Intel switches ARM stance from 'No' to 'Maybe'
New wrinkle in Apple-Samsung spat
Ten days ago, Intel CEO Paul Otellini told US investors that Chipzilla wouldn't use its new 22nm Tri-Gate process technology to build chips based on an ARM core. At a UK investors confab this Thursday, CFO Stacey Smith hedged on Otellini's emphatic "No".
If a customer came to Intel and asked them to fab processors that weren't built around the Intel architecture (IA), Smith said, that request would spark an "in-depth discussion and analysis," reports Reuters.
Smith's openness to such negotiations seems, at first blush, to be in stark contrast to Otellini's statements. When asked about fabbing ARM-based chips at the US investors meeting, the Chipzillian CEO responded: "The short answer is 'No'."
Understandably, Smith would prefer to provide his customers with Intel-designed cores. "If Apple or Sony came to us and said 'I want to do a product that involves your IA core and put some of my IP around it', I wouldn't blink. That would be fantastic business for us," he said.
But he wasn't as firm as Otellini when it came to non-IA cores. "Then you get into the middle ground of 'I don't want it to be an IA core, I want it to be my own custom-designed core,' and then you are only getting the manufacturing margin, [and] that would be a much more in-depth discussion and analysis," he told journos after the UK investor event.
Otellini's reason for not building ARM-based chips also involved margins. "We'd be beholden to someone else, we'd be beholden to ARM, we'd pay royalties to them, so it'd lower the overall profits," he told the US group.
Parsing the statements of both Intel execs, however, reveals that their statements are not, in fact, as contradictory as they may at first seem. Otellini stated that "We have no intention to use our license again to build ARM," while Smith spoke only of fabbing someone else's custom design – and if that design included an ARM core, the third party would pay the licensing fee.
Building, say, the Apple-designed ARM-based A5 processor using Intel's 22nm Tri-Gate process would net Chipzilla only a manufacturing fee, but the chip baker wouldn't be "beholden to ARM" for a licensing fee.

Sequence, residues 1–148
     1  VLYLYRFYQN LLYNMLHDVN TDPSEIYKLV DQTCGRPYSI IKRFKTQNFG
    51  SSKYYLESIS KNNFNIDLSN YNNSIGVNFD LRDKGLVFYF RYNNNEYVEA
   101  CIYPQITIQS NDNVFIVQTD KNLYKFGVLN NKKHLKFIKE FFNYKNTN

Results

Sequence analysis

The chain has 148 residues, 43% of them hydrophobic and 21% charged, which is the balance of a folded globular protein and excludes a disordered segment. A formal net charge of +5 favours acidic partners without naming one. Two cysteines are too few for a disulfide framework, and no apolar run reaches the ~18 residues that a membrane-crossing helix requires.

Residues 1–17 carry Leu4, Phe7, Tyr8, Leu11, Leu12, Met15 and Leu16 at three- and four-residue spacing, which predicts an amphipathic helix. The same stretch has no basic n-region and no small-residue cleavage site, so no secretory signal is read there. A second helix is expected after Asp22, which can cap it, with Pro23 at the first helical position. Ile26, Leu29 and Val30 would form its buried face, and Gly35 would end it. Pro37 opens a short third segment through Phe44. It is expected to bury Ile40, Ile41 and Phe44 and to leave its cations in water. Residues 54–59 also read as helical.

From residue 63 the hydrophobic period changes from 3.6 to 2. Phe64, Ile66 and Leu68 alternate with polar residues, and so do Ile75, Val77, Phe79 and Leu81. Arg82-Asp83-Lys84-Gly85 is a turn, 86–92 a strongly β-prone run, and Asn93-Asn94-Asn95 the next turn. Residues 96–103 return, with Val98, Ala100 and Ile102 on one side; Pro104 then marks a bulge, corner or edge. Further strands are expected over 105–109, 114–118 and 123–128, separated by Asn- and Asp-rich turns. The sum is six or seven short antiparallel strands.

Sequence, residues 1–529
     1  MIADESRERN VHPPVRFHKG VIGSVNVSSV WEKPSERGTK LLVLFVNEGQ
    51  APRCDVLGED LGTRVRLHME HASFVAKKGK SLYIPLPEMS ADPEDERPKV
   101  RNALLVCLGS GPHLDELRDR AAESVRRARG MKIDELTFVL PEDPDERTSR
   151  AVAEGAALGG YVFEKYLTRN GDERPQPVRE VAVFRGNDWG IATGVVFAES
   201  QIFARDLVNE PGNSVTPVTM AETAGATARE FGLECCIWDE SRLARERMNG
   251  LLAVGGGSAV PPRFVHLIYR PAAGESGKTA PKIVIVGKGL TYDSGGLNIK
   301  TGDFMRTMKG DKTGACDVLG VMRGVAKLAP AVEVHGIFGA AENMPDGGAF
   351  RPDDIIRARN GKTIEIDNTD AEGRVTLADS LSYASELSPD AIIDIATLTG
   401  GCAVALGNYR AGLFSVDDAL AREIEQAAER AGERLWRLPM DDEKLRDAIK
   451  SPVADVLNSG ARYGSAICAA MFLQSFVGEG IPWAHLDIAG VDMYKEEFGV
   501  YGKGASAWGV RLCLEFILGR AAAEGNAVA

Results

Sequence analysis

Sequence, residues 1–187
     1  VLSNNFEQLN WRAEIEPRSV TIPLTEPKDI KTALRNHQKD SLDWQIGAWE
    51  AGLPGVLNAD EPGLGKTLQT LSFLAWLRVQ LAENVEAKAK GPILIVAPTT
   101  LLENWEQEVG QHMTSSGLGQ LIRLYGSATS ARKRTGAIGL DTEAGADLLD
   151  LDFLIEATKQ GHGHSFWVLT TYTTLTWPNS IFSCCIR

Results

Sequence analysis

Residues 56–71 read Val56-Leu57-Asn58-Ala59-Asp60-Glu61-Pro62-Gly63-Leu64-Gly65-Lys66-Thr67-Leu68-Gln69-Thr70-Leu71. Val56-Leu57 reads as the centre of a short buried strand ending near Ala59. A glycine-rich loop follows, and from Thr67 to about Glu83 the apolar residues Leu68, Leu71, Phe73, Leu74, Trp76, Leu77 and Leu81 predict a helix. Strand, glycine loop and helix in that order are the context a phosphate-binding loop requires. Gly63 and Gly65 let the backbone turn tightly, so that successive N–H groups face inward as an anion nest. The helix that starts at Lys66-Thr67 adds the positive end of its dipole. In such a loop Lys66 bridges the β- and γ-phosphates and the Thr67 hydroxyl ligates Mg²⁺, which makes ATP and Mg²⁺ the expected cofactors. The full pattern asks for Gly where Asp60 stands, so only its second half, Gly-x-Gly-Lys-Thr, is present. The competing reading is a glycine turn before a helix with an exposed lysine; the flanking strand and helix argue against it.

Samsung currently fabs the A5 for Apple, but that relationship has soured recently as a result of Apple suing the Korean giant for "slavishly" copying the iPhone and iPad's look-and-feel. In retaliation, Samsung filed patent-infringment lawsuits against Cupertino in three countries.
Add to that bad blood Friday's rumor that Apple is testing an A5-based version of its überpopular MacBook Air, and a possible deal that would result in Intel supplying Apple's growing need for the A5 might indeed lead to "in-depth discussion and analysis." ®
If Intel gets the money for fabbing the parts, that money helps pay for building and operating the plants and processes Intel needs to make to keep driving their innovation faster than their competitors. If Intel's competitors fab the parts, that money goes to building plants and processes that compete with Intel.
The choice is pretty clear.
nothing to do with crAppl€
What on earth are you taking about? Intel ALREADY pay the miniscule license fees and royalties on ieach of its mobile SoCs to ARM as part of its Infineon acquisition. You think it's going to be profitiable for Intel to keep its production with whoever Infineon were using before instead of moving to its own Intel fab for mobile SoCs? Mobile phones are going to be ARM well into the forseeable future, and Intel are going to be selling ARM SoCs well into the future.
Apple are also a MINISCULE player in the chip industry, so I don't see why the media keep over-hyping them as being significant in any way.
re: Second thoughts
if Intel builds ARM chips they are fueling the competition to x86 and x86 is where most all their profits come from. It's the same reason Microsoft supports next to no software on anything but Windows. And if Intel refuses to build ARM on 22nm then were else is that vendor to go for 22nm? Nowhere because Intel is almost always first with the smaller chips and it is their one big advantage.
The CEO was correct, Intel will never build ARM and the other guy was just putting some frosting on it so it doesn't taste/look so bad. they may discuss it but the discussion would be very short and consist of one word, "no". But they can spin it as discussing it.
Two things come to mind..
1) Sony needs to sort out the PS4 hardware around now, sounds like a likely choice.
2) Could be an exit strategy for NVidia, the discrete graphics market won't sustain them forever, this way they can stick their GPU on the same silicon as a top class CPU without having to try to work out how to build a CPU itself and all the license wrangling involved.
Arm on the mainboard
My most recent desktop (HP z-something, nippy with 6 cores, 12 GB ram), came with an ARM chip on it. I presume it's for the integrated lights out stuff -you can hook up a 100 mbit/s management backplane to one of the ethernet ports, while the other runs at 1 GBps -I just find it funny that there's an ARM core there to handle ACPI and management issues with the big cpu. I guess it's like the electric starter motor of a car -something low power to start the barge up